The Kung Fu Belt System Explained

Kung fu is an ancient form of martial arts that has been passed down from master to student. Traditionally, kung fu did not have a belt system. Instead, students would signify moving through the ranks with a scroll signed by the master they were training under.

Eventually, belts were used in kung fu to signify seniority within the practice. Masters would pass on different colored belts to their students as a demonstration of moving through their journey toward mastery. Today, moving through the kung fu belt system is proof of achievement and encouragement for students looking to progress.

What Is Kung Fu?

Unlike karate and other forms of martial arts that have origins in Japan, kung fu has origins in China. Monks practiced kung fu early on for health and self-defense on their quest toward enlightenment.

While some may think of kung fu as a singular discipline, it is a broader umbrella that encompasses other forms of martial arts, tai chi, Hung Ga, Wing Chun, and Xingyiquan being the most well-known.

Kung fu is a passive practice in the sense that it focuses on self-defense. Much of your intermediate and advanced training will focus on someone attacking you, and how you combat that.

The Animal Styles of Kung Fu

Along with the symbolism of the different belt colors, kung fu has several animals that help interpret different meanings of movements and forms.

Snake

The snake is used to teach the smooth movements and slow stances of kung fu. Like the snake waiting to attack, they can also symbolize speed and counterattacks. Snake stances are upright and mobile while allowing for quick advances and sidestepping.

Unlike the other kung fu animal techniques, the snake does not incorporate hard punches. Those practicing the snake style rely on bobbing and weaving to evade attacks and rapid, alternating jabs when striking.

Tiger

The tiger is considered to be one of the most powerful animals in Chinese astrology, and those who practice tiger-style combat in kung fu also rely on its powerful advances. If you practice tiger-style combat, you tend to charge your opponent with direct attacks.

While tiger-style fighting will sometimes use low kicks, this style relies heavily on rapid, circular arm movements intended to overwhelm an opponent. The tiger claw strike is the most popular movement in tiger-style combat. To perform this technique, you strike your opponent with the heel of your palm, but keep your fingers bent into a claw shape. Many times, fighters try to hit an opponent in the jaw area with a tiger claw strike.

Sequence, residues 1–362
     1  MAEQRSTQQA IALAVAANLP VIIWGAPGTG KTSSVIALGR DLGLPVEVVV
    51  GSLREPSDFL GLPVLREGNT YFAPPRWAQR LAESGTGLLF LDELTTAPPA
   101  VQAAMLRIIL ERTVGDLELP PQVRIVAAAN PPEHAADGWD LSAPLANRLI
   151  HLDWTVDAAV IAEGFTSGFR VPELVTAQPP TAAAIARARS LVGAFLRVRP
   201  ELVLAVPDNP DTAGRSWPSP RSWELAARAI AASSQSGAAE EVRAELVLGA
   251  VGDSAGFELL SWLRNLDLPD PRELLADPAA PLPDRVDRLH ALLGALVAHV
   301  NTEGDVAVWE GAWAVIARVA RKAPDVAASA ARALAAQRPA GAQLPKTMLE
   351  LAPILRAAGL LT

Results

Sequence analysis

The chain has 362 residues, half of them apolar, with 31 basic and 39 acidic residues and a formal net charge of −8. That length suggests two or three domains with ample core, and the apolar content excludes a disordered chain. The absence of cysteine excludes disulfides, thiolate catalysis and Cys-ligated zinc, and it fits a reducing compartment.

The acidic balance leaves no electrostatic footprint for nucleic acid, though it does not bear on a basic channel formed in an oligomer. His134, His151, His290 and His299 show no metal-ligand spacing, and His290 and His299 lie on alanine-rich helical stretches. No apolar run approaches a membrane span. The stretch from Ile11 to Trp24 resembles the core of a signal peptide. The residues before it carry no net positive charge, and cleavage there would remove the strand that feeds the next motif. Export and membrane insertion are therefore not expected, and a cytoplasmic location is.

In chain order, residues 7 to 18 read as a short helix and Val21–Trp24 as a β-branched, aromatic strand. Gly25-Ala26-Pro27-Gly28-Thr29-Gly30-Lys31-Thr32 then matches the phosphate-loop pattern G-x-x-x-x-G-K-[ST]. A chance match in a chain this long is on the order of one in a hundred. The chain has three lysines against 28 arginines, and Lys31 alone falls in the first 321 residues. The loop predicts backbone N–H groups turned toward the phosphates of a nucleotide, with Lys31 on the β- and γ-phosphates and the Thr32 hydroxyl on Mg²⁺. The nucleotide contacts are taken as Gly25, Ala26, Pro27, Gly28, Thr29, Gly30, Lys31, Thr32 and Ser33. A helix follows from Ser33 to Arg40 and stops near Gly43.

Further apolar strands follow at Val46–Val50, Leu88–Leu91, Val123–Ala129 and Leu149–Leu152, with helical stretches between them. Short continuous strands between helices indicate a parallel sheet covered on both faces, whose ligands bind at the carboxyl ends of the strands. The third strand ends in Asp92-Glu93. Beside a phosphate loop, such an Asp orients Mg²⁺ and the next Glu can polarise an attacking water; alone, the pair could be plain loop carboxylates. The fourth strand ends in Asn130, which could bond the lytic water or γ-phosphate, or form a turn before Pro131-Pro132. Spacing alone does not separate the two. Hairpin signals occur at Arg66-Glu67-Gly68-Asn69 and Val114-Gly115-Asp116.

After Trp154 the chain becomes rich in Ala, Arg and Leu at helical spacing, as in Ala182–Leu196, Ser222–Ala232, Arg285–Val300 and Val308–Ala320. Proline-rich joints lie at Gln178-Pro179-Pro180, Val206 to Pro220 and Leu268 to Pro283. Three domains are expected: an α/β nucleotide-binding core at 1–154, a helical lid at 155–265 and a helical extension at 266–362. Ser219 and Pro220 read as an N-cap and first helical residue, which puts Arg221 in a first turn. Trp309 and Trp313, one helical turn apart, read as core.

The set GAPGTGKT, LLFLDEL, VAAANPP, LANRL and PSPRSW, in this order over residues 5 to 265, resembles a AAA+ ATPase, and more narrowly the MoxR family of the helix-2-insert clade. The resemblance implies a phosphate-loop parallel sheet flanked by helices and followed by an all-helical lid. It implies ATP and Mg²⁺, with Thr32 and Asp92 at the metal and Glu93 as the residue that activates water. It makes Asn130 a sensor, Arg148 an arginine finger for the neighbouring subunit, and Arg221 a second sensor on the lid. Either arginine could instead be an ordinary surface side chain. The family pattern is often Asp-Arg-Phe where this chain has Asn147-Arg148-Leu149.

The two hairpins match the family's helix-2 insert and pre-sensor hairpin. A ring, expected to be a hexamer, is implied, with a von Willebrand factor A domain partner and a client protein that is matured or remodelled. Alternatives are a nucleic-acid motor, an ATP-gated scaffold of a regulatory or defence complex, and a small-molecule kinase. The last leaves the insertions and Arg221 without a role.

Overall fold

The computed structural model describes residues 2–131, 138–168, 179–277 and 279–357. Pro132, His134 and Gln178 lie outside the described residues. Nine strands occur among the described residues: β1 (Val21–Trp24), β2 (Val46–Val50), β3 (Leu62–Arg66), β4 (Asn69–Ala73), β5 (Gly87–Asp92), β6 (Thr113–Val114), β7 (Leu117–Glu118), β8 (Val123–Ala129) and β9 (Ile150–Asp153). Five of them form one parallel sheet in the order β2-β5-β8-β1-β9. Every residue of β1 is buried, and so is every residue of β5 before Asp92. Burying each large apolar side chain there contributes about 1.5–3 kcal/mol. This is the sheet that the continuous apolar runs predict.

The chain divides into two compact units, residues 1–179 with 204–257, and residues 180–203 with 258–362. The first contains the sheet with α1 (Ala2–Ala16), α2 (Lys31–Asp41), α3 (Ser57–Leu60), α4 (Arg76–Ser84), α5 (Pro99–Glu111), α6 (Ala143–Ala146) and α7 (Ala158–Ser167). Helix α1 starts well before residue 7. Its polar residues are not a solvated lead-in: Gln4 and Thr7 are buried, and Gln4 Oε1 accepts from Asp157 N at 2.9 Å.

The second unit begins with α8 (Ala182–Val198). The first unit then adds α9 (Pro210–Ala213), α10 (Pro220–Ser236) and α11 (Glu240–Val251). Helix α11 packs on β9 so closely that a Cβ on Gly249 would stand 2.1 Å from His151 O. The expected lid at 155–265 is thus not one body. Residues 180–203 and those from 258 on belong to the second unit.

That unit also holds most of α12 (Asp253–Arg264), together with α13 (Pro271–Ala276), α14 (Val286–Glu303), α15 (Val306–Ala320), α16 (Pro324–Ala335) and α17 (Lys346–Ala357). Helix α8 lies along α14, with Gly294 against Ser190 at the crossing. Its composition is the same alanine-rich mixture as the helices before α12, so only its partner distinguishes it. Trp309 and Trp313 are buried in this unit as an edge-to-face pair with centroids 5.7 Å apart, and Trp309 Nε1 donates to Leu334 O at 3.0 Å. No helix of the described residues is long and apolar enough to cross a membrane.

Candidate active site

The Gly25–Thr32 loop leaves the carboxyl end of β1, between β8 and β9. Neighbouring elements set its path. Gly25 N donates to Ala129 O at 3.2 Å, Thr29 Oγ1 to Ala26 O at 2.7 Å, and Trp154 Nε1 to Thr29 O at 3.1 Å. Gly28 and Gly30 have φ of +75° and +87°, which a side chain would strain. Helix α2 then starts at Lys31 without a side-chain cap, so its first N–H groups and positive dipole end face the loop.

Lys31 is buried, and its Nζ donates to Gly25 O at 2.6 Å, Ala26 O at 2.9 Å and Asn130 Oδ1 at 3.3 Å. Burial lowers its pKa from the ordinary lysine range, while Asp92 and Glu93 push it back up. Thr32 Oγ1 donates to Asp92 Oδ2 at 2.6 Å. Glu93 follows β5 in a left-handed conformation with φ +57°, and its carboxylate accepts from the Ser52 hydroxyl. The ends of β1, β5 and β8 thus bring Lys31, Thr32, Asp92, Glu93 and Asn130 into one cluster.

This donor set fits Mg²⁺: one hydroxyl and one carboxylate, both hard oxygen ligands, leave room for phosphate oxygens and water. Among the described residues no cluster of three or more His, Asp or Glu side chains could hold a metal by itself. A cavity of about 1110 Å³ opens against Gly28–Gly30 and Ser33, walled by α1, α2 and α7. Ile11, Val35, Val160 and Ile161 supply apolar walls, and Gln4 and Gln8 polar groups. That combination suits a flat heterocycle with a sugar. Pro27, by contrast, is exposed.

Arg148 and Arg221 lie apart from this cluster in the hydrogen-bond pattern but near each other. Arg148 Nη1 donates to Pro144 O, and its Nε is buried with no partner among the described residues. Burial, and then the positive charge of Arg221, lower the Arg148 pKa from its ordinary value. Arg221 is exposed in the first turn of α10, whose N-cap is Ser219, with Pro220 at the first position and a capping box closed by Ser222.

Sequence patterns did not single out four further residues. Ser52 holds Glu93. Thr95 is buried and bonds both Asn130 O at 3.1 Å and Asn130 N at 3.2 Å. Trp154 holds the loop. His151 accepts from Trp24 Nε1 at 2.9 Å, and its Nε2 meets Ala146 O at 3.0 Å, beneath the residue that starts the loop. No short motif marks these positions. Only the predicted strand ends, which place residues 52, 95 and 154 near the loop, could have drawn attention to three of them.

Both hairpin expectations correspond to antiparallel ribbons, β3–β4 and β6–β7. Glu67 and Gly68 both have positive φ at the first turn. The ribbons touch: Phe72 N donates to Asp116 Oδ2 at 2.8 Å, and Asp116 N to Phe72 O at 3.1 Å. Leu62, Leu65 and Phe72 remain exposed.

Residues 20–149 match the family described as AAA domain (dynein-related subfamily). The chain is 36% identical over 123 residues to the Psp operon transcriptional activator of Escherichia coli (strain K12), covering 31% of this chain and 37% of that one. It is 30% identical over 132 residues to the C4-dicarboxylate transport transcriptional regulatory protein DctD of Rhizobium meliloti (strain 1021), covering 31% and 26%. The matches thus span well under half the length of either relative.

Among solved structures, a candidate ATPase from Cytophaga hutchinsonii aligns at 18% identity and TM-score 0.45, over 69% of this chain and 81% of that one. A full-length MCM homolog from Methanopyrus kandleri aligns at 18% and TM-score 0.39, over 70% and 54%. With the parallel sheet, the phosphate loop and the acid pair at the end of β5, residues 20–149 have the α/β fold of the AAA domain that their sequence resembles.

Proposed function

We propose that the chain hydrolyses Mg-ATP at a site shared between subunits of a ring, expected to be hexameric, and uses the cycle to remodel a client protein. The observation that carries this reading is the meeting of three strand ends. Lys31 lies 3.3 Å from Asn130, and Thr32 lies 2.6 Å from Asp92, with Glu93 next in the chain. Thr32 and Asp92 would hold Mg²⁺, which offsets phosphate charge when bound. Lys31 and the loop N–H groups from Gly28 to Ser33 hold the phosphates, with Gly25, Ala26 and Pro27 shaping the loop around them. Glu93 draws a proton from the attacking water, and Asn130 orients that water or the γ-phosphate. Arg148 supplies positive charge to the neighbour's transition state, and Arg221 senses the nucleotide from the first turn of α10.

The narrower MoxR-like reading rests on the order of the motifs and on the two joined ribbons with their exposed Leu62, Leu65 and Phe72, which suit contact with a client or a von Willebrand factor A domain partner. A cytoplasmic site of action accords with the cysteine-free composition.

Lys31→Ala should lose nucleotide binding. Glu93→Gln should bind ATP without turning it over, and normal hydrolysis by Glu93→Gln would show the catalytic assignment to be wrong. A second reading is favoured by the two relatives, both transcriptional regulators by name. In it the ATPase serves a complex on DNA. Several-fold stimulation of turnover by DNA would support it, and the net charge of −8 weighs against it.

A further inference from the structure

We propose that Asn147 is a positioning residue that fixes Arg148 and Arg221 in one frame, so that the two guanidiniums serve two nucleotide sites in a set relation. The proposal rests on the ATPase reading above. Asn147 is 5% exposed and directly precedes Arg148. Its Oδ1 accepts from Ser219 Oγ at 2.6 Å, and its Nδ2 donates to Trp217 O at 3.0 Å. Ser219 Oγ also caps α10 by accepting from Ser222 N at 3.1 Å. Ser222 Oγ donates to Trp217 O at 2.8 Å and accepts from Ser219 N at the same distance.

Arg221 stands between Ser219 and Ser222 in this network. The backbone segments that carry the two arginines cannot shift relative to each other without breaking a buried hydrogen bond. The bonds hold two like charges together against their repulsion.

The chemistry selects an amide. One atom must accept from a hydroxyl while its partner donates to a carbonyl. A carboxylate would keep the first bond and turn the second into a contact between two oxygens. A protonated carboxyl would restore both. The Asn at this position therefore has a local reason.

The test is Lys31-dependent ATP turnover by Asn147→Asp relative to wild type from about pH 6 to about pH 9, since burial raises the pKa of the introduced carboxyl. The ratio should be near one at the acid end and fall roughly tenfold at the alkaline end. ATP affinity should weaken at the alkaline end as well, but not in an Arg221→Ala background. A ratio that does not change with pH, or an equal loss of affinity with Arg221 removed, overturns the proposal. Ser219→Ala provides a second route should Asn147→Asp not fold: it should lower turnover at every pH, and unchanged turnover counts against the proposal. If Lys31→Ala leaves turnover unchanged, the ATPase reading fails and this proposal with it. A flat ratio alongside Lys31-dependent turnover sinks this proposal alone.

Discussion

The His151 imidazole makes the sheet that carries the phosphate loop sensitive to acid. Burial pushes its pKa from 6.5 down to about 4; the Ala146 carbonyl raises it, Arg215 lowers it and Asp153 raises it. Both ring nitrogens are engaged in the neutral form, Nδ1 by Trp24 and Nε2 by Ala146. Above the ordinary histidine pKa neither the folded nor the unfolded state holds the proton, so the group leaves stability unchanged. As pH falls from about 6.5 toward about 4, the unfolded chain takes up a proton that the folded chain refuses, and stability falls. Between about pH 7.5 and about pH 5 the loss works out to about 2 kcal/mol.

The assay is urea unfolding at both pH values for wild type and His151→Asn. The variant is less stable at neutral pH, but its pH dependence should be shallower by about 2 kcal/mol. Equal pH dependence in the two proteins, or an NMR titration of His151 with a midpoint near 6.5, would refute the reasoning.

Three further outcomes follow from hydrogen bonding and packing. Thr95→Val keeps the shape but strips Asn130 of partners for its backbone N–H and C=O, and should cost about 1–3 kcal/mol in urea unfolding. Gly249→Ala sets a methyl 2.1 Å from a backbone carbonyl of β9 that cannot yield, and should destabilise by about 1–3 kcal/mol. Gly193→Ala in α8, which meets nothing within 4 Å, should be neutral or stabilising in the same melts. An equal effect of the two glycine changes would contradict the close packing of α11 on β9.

Leopard

The leopard is known for its speed, so leopard-style kung fu attacks are focused on the elements of surprise and speed. Leopard-style techniques utilize low kicks and elbow and knee strikes.

The leopard fist is the most popular leopard-style form that allows you to attack an opponent using the front or back of your fist to punch or strike. Leopard fists are versatile and can be delivered from different angles.

Crane

The crane is a long, graceful bird known for its elegance. In kung fu, the crane stance is one of the most widely known stances commonly used in kung fu and Tai Chi forms. To perform the crane stance, you stand on one leg with the other bent up by your knee and arms outstretched.

Dragon

Despite being a mythical creature, dragon-style kung fu is famous and widely taught. Dragon-style kung fu draws inspiration from spirituality and mythology with gentle, fluid movements.

Before you can practice the hits and kicks of dragon-style kung fu, you must first draw energy from yourself and your surroundings. Northern dragon-style techniques draw energy from the ground, and the southern dragon-style focuses more on fluidity. As opponents, the northern style will stand its ground while southern style focuses more on evasion and overwhelming an opponent.

Kung Fu Belts

Kung fu has origins from Chinese theater. Here, performers would wear colorful sashes as part of their performance. The colors of the belts held no meaning until a kung fu belt system was established.

Unlike other forms of martial arts that use thick, cotton, or wool belts to signify moving through the ranks, kung fu uses a more traditional sash-style belt that is typically made of silk. Some modern kung fu belts are made of a thinner cotton material stitched to make a wide sash-like belt. In kung fu, fighters sometimes use their belts as weapons against opponents, and the wider silk material is stronger than cotton or wool.

Earning Your First Belt